The earliest extant plan of London
By BRAUN, Georg and HOGENBERG, Franz, 1572
Londinium Feracissmi Angliae Regni Metropolis.
- Author: BRAUN, Georg and HOGENBERG, Franz
- Publication place: Cologne
- Publication date: 1572
- Physical description: Double-page engraved view, with full original hand colour.
- Dimensions: 420 by 540mm (16.5 by 21.25 inches).
- Inventory reference: 14325
Although first published in 1572, the plan is clearly based upon information gathered some years earlier. St Paul’s is shown with its spire, which was destroyed in 1561; the cross in St Botolph’s Churchyard is shown, although it was destroyed in 1559; and York Place, so named in 1557 is given its old name ‘Suffolke Place’. Upon the Thames, the royal barge can be seen, together with numerous ferrymen and sailing vessels. On the south bank of the river is the new district of Southwark, with its theatres, and bull and bear baiting pits. To the left is Westminster — connected to the City by a single road — with Westminster Abbey clearly visible. To the north of Westminster, cows are depicted grazing in open fields.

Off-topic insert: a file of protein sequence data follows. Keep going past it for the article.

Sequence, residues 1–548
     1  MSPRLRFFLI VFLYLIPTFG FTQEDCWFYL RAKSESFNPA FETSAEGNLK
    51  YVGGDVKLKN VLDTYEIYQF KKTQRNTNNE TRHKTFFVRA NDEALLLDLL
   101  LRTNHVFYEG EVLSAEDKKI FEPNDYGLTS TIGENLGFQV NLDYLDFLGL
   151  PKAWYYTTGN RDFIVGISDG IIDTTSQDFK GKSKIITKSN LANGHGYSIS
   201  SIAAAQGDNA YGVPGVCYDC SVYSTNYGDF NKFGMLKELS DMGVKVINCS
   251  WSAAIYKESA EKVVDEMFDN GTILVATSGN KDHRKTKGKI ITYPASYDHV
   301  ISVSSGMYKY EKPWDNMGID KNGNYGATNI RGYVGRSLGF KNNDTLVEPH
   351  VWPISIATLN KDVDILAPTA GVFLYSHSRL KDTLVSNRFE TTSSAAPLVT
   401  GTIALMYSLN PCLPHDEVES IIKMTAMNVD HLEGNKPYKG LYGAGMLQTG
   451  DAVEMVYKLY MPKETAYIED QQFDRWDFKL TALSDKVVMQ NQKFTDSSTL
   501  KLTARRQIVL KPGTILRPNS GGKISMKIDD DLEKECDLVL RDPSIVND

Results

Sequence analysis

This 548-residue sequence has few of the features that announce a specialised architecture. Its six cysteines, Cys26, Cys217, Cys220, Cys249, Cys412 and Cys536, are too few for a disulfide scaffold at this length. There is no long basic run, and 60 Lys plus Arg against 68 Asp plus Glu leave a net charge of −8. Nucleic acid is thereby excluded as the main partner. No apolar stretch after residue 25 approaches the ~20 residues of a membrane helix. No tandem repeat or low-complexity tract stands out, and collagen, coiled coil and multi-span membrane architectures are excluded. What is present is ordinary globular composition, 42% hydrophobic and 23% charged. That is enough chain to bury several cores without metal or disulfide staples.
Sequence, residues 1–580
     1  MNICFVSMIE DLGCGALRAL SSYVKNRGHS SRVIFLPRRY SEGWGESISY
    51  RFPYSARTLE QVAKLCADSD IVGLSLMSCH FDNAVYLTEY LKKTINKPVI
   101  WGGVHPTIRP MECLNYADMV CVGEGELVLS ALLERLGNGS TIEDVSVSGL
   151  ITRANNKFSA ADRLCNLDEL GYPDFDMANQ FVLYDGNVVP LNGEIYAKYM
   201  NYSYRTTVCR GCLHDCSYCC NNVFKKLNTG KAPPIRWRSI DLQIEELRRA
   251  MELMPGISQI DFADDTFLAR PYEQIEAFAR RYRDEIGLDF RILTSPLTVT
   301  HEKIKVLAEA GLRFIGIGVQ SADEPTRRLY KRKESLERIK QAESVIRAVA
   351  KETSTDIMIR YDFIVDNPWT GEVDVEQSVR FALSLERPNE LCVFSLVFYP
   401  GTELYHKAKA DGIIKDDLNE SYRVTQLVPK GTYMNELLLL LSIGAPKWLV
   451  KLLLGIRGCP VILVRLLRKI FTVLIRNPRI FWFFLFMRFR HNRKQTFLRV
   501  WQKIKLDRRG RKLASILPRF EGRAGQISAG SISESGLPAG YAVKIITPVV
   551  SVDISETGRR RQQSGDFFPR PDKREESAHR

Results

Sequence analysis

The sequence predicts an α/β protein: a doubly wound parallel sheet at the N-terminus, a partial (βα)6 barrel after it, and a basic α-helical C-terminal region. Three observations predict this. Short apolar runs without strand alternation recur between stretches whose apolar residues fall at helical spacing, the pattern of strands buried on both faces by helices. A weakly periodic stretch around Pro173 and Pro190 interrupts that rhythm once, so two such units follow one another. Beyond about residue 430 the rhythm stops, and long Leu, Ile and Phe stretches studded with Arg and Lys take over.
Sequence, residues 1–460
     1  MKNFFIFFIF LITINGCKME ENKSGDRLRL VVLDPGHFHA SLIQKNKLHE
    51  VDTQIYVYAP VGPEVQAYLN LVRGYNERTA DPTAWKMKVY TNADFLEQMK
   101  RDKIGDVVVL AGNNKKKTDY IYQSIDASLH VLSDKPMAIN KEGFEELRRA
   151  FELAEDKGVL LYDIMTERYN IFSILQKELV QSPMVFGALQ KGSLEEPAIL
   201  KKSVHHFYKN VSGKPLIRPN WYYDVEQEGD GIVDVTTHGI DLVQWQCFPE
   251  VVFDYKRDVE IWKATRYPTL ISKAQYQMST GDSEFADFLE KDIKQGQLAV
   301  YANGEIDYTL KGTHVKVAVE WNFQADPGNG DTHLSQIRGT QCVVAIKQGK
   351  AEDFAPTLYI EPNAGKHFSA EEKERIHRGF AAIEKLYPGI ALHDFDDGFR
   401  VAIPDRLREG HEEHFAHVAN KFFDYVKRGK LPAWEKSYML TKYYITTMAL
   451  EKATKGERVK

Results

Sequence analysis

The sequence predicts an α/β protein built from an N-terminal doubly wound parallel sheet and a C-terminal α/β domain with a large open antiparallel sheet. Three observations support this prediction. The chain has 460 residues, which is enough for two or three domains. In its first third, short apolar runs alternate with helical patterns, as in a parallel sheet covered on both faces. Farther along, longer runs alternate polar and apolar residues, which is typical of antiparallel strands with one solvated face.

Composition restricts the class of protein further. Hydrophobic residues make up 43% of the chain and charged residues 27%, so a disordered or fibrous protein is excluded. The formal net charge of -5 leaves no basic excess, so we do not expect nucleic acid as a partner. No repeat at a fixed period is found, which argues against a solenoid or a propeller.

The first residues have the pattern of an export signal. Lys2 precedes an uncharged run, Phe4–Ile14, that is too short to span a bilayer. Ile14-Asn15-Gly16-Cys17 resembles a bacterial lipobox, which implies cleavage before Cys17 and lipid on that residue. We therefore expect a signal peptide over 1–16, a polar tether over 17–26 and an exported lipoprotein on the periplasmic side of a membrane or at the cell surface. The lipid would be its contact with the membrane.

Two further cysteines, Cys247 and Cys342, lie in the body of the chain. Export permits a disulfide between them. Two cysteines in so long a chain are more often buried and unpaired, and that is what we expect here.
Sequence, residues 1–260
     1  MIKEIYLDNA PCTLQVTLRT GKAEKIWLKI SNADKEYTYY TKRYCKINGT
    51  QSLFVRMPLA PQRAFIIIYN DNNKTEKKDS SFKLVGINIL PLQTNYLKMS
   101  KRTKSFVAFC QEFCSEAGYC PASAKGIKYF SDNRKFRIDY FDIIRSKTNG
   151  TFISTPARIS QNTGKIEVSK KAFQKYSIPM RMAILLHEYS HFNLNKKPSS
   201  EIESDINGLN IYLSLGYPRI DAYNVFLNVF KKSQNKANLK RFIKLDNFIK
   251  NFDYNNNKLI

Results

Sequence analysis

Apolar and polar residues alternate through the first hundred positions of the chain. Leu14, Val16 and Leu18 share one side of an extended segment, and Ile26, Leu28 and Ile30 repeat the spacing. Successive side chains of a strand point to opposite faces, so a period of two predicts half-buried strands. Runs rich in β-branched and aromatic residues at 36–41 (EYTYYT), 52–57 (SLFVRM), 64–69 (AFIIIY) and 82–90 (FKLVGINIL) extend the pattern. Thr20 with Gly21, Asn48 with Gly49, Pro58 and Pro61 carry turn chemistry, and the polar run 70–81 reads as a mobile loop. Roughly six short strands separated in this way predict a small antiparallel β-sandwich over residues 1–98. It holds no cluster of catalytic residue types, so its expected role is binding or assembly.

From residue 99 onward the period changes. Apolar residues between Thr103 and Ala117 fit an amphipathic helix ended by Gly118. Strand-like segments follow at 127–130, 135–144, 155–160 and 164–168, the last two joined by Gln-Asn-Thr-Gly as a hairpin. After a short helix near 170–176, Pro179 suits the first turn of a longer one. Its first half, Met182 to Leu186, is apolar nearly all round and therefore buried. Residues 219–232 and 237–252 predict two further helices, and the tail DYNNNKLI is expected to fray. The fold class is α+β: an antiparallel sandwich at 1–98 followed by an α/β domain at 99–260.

The view was most definitely derived from a 15-sheet city plan, of which only three plates have survived. The original plan was probably commissioned by the Hanseatic League, at sometime around 1550, hence the praise heaped upon the League in the text on the plan.
The present map is an example of the first state of four: Westminster spelt Westmester. The first state is considerably rarer than the later states.
- Howgego 1
- Howgego, J. (1978). Printed maps of London, circa 1553–1850. Folkestone: Dawson.
- van den Krogt 2433 [London41.1].
- Koeman, C and van der Krogt, Pieter (2000–2010). Koeman’s Atlantes Neerlandici. MS’t Goy-Houten: HES & De Graaf Publishers. 9 vols.